We're still in December 2022, but dungeon23 is already popping! If you've been under a rock and somehow missed dungeon23, then read about Sean's challenge here. Basically, it's a journalling challenge where everyone is working on a megadungeon, one room a day, for a year. I posted here about the Catacombs of the North Wind, the dreamlands dungeon I'll be doing. Here's the roundup of stuff that's caught my attention so far.
First folks have been putting together some significant resources. A lot of people are using this as an excuse to buy a fancy planner (*guilty*). But @sivads_sanctum pointed out that a likely more effective technology may already exist for almost $0. To wit,
People have also been pulling together digital assets, which could be printed out and put into a binder like that or printed and bound in some more fancy way. Or even left digital. First up is Gus L's contribution, The Dungeon23 Workbook. Which you can find FREE on All Dead Generations here. It's a google doc, so it's easily customizable. Just duplicate it and you can alter the text as you see fit. It's got a groovy cover, which Gus says is a reworked WPA poster with an adventuring party snuck in.
|This looks amazing|
The pages of the workbook are neat. There are periodic pages for maps of whole levels and encounter tables. But then you get one page for each room, so less cramped and more organized than Sean's teeny tiny planner. The rooms have the dungeon name, your name, the level, a room map, info on the lighting (crucial for dungeon crawling), a description, and then a spot for a couple of features to be listed OSE style. Monsters and treasure too. This is a perfect system for digitally sharing, i.e. tweeting rooms, if that's your thing btw. It's a neat little package:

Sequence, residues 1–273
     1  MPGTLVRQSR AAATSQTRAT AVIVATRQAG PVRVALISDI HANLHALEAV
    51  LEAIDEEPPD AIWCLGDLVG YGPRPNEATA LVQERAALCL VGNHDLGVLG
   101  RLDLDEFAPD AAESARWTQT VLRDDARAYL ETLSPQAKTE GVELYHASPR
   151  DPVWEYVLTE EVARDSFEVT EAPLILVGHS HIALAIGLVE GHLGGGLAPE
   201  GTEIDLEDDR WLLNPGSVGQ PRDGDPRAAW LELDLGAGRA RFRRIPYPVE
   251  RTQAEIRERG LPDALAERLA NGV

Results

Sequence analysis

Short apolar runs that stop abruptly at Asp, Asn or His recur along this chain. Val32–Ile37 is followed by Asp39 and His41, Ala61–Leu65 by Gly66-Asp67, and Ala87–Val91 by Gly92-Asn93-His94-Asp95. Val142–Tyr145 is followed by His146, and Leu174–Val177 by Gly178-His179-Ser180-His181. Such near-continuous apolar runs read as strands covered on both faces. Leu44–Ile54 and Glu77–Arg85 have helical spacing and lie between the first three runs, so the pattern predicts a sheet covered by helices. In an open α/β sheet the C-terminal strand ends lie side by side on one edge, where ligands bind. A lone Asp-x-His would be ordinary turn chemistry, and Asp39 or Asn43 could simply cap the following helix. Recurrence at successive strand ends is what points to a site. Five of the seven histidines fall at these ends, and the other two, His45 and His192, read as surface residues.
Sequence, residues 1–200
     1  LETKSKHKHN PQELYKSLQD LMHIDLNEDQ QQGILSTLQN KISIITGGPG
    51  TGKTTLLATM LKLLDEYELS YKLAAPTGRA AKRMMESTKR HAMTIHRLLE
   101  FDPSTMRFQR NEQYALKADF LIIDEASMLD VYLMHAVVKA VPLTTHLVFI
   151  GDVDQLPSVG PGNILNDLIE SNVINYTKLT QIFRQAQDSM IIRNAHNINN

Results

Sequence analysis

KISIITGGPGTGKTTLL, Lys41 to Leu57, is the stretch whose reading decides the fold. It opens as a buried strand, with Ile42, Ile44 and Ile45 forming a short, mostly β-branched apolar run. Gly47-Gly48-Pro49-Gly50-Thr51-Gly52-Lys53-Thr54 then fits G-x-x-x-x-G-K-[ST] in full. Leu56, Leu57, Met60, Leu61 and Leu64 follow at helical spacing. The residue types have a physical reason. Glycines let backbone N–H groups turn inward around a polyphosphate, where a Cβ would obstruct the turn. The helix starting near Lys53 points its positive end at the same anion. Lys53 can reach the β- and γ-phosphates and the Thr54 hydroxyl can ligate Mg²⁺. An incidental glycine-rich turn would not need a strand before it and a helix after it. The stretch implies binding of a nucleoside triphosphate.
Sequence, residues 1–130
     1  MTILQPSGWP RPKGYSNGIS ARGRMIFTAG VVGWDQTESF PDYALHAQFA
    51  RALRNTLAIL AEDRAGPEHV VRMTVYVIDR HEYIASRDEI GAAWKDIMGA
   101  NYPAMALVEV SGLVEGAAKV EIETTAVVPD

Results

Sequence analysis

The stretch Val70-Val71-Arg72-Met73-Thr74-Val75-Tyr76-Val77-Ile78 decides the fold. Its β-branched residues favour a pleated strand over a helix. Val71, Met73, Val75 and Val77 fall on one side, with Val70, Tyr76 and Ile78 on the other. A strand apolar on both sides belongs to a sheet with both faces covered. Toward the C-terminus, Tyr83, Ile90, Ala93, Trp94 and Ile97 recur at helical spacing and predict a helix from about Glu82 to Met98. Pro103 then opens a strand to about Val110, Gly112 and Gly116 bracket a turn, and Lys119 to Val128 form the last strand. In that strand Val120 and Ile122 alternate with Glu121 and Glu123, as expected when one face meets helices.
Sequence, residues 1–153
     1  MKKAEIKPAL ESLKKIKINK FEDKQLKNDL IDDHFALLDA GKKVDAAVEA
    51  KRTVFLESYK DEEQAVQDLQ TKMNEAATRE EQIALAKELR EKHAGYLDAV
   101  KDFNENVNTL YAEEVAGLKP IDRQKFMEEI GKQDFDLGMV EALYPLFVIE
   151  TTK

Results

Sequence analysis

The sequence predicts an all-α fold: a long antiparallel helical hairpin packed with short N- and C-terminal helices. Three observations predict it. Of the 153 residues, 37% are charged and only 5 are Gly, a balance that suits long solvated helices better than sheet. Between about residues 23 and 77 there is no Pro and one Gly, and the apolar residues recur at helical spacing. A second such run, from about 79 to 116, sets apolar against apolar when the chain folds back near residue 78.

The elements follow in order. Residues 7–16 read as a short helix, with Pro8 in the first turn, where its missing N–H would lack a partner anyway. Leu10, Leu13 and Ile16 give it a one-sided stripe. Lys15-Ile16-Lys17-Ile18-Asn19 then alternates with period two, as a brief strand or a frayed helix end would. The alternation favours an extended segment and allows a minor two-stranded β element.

In a similar spirit Pandion Games has put together a Dungeon Year Design Journal on itch for PWW here. It's pretty groovy. You can download it in a bunch of different formats, including landscape and portrait and different sized paper. It's got big double-page dot map spreads, and single pages for rooms like Gus's but with less structure: encounters, notes, connections, and maps. There's also an alternative minimalist version that replicates the structure of Sean's planner.
|This is just one of several gorgeous variations|
In general, it looks like a great place to go for the accumulating resources on itch.io will be Andrew Duvall's page, which you can go to here. Poke around there to find some more stuff. But now, into the dungeon itself.
To find lots of stuff on either Mastodon or Twitter, just search the #dungeon23. So far, my favorite specimen by far is Zedeck Siew's Last Voyage of the Sea-Queen Lessa, which you can see here. It's a funky vertical shrine housing a ghost ship. Thematically, it vibes with the dungeon I'm working on. Zedeck's adventure is a lovely tidbit that you could run pretty much as is. Go to his Tumblr blog now and check it out.
I'm also enjoying watching Gus' early efforts take shape, which you can follow @RatkingRpgs on twitter and probably eventually on his blog All Dead Generations. But I mean, just look at this thing: